Quelle surprise

A judge has branded former BHS owner Dominic Chappell “evasive” and “entirely unbelievable” as his appeal for failing to hand over vital documents to the pensions watchdog was rejected yesterday.

Chappell, 51, showed no emotion as a judge rejected his claims that he had “done everything in his powers” to help provide the information.

The ruling could leave the self-described entrepreneur facing a fourth bankruptcy, his lawyer warned.

Fourth, eh?

So, have I understood the idea of “adserver” technology correctly?

Just a bit of technical background if someone can help me out. This.

In November, Timehop instructed some of its product engineers to begin building an ad server that focused on its own inventory, mobile-only. Leviev said they also wanted to maximize CPM and fill rate, not just choose one or the other. Currently, the system integrates with about 15 SSPs and DSP, the exact number depending on the day.

So, the mental image I’ve got is this.

Starting position, they’re signed up to, say, Google. Which just fills their space with whatever Google decides at whatever rate (and thus Google profit margin) it thinks it can get away with.

So, they take control of their own ad space. Their “adserver” now talks to 15 or more other pieces of software.

Might be Google, and Amazon, and Advertising.com – say – forcing them to compete for access to the space and thereby gaining better pricing. Or perhaps it goes up a level and connects into the Ogilvy and Mather, WPP etc ad buying operations to do the same thing? Leaps over that step of the ad networks themselves?

Presumably, the adserver then takes the best offers on space. Perhaps with some fill from the networks to cover space that doesn’t sell directly?

Have I got this roughly right? Not technically, because that’s beyond me. But as a general idea of the logical structure here?

That at some point of volume it’s worth bypassing the ad networks? That is, to do what the internet does so well, disintermediate?

This is fairly cheeky

One of the losing bidders for House of Fraser has urged its new owner Mike Ashley to “do the right thing” and pay all its suppliers and concession holders in full because he clinched the deal so cheaply.

Philip Day, the retail billionaire behind Edinburgh Woollen Mill, spoke out 48 hours after the Sports Direct owner snapped up the stores and assets within hours of House of Fraser entering administration.

In his first public statement since losing the battle, Mr Day called on Mr Ashley to “honourably” ensure that suppliers and concessionaires — who are collectively owed at least £70 million — are not left out of pocket.

Yes, you’ve got that right. The losing bidder, the one who offered less money, is asking that the winning bidder, the one who offered more, should pay even more. Even more and more, than he himself, that losing bidder, was prepare to offer.

Think it’s probably gone

House of Fraser has admitted to having just 11 days to save 17,000 jobs as the retailer scrambles to secure a lifeline before its cash runs dry.

The stricken department store chain must pull in fresh funding by August 20 or risk collapse through a failure to pay its bills.

The deadline outlined by the retailer is when a number of suppliers must be paid, including a raft of in-store concessions.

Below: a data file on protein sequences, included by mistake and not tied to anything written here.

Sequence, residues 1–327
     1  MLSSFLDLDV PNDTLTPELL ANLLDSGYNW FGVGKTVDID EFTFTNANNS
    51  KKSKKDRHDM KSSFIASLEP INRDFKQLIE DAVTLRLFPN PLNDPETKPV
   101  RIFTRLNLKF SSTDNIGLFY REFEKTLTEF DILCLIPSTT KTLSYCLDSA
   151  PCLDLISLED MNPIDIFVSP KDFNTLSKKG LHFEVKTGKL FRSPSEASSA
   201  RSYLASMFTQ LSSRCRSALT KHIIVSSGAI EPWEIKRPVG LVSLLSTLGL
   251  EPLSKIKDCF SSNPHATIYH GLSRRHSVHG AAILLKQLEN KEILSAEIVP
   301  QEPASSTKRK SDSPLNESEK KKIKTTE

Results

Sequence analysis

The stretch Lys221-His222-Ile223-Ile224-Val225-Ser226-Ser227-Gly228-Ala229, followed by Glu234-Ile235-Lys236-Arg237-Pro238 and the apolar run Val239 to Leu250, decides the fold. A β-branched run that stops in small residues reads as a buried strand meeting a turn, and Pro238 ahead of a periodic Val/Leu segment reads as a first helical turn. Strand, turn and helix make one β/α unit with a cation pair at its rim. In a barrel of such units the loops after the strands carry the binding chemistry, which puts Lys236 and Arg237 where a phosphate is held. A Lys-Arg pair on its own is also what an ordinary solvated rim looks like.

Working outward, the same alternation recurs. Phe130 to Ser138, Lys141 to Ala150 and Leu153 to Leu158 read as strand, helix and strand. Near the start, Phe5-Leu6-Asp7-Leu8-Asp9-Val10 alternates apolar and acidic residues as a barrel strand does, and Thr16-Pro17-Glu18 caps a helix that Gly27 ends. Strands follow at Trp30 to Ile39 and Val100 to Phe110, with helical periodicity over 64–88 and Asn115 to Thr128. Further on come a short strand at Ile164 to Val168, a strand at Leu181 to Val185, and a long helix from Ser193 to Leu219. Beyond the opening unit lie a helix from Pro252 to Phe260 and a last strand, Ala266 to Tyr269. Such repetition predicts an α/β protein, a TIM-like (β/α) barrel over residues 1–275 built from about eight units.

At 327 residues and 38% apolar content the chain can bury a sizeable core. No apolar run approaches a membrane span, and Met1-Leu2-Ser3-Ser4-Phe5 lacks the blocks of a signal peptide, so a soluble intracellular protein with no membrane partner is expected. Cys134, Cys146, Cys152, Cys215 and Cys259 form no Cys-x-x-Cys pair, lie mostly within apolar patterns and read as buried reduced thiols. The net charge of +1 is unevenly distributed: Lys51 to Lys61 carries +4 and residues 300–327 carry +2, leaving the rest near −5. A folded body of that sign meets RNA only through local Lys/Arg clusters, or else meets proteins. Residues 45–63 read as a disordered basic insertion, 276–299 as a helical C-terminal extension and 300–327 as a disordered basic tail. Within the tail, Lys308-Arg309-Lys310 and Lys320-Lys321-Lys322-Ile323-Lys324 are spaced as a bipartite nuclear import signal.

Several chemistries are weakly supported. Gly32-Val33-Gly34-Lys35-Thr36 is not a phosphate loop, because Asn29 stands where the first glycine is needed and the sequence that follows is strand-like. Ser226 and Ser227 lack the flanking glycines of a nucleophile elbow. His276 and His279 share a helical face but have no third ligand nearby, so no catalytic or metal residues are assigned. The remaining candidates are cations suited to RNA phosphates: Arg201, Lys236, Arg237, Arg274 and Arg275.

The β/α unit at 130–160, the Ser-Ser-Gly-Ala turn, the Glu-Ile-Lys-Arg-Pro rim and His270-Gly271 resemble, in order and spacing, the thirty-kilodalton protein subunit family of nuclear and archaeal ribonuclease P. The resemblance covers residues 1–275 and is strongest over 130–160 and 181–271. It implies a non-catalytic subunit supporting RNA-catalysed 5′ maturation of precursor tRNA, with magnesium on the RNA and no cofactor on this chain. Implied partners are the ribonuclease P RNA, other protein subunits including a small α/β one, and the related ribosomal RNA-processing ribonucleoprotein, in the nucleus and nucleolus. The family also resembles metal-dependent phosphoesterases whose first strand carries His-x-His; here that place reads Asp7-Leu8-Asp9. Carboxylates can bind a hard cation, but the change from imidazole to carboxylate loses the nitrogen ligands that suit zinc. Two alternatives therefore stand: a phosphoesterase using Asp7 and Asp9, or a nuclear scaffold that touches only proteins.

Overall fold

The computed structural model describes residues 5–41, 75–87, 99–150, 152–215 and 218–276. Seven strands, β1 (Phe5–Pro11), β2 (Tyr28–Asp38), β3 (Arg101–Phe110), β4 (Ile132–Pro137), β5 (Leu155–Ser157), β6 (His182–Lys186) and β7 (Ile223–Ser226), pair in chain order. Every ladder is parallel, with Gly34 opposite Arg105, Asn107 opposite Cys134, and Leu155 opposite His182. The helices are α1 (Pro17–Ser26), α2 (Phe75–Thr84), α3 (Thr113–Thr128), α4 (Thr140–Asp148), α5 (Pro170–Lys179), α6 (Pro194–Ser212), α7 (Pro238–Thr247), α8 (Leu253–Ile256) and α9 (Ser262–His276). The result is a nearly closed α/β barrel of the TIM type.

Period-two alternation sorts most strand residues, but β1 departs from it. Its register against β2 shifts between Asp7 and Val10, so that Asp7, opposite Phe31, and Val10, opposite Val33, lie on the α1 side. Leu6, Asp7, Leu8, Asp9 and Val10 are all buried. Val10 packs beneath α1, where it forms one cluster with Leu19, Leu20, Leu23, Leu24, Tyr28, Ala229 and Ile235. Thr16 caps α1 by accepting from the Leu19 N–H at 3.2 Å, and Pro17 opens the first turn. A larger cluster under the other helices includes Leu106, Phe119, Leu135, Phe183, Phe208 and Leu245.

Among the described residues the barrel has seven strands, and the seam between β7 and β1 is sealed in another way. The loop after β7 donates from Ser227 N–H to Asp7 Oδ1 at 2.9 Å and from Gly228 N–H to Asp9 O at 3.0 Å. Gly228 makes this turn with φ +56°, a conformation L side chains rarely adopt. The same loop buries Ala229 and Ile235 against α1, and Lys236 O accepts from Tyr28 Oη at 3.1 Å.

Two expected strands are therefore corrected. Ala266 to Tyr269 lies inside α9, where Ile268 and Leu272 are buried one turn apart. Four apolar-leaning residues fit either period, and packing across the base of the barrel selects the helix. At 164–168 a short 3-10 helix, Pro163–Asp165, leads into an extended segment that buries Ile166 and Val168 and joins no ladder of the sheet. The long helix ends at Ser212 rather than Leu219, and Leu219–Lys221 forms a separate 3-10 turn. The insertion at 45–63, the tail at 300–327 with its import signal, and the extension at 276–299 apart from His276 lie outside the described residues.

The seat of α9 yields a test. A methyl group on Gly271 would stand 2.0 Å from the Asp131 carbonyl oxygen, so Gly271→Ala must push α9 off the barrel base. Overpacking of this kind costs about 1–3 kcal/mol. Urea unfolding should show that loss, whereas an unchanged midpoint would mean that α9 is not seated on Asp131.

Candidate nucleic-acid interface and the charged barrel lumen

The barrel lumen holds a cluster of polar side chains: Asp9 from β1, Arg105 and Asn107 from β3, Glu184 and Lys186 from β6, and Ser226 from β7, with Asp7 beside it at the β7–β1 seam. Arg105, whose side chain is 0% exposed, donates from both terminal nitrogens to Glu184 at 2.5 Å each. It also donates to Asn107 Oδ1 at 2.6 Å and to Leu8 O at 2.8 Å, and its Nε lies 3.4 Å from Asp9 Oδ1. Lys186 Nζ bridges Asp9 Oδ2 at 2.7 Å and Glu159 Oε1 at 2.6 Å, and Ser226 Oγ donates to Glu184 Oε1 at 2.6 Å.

It was revealed in a statement to the Luxembourg Stock Exchange, where its bonds are listed, underscoring how little time bosses have left to save the business.

It’s the credit insurers that matter. If they’ll not insure suppliers then they’ll need cash before delivery. Not that that’s a bad thing. It’s just that moving from – say and for example – 120 days payment terms to cash before delivery swallows vast amounts of working capital.

Which is, of course, the very thing HoF ain’t got.

This isn’t to insist upon a 100% track record but often enough it’s those credit insurers who pull the plug on retail.

As to whether HoF should go. Well, department stores? Mixed retail in expensive and premium High Street locations? Entirely possible that this business idea itself is just dead.

Ha, ha, ha, that’s a cute legal claim

Four of Europe’s biggest airlines have joined forces in a fight against striking French air traffic controllers, demanding European authorities step in and help a sector that is “on the point of meltdown”.

British Airways owner International Airlines Group, Ryanair, easyJet and Wizz Air today submitted complaints to the European Commission.

French industrial action restricts the fundamental principle of freedom of movement within the EU, the airline quartet claim.

No lorry driver can ever strike as that damages the free movement of goods, no ISP can ever go bust as that disrupts the free movement of services…..

Facebook? Cash cow?

The Silicon Valley giant, which for years has served as a reliable cash cow for shareholders,

Normally – abut we’d not expect the Telegraph’s young shavers to know this, would we? – cash cow is reserved for shares that actually pay out cash. Facebook doesn’t pay dividends….

The secret of the under volcano base

A parasite spread by cats could be the key to being a successful entrepreneur, scientists have concluded.

The discovery suggests there may be a bizarre advantage to being infected by the organism, Toxoplasma gondii.

According to the findings, the single-celled parasite worms its way into the brain and causes personality changes associated with risk-taking.

The white cat causes the excess of entrepreneurialism rather than being a symptom of it.

Well, no, not really

Carillion crisis ‘could happen again’

It’s bust and gone, isn’t it?

At the same time the public sector has become too reliant on a small handful of big businesses which are effectively “too big to fail” as they run vast swathes of public services with little effective competition.

Carillion, the UK’s second-largest builder and a major supplier of outsourced services, collapsed in January.

And, err, that we’ve just allowed one to fail shows that they’re not to o big to fail, no? For what it means is not one too big for it to be easy for us to let it fail, not one too big for us to be happy if it fails, but one so big that we cannot allow it to fail.

Sounds like there’re some bargains out there

A cash rich investor with balls of steel could have a go:

A family who have seen the value of their London flat slashed from £600,000 to just £90,000 because of Grenfell-style cladding will sue a government agency that helped them buy their home.

They are the second homeowners in the New Capital Quay development in Greenwich to have their flat valued at rock-bottom prices.

It’s then uncertainty over who will replace, when, and at what cost, that cladding.

The company said some flats had been valued at £0. They were unsellable, unrentable and unmortgageable.

I doubt unrentable is true.

But even so, there’s an option value to those flats. Which, if you were cash rich, might be a good little bet.

In case you missed it….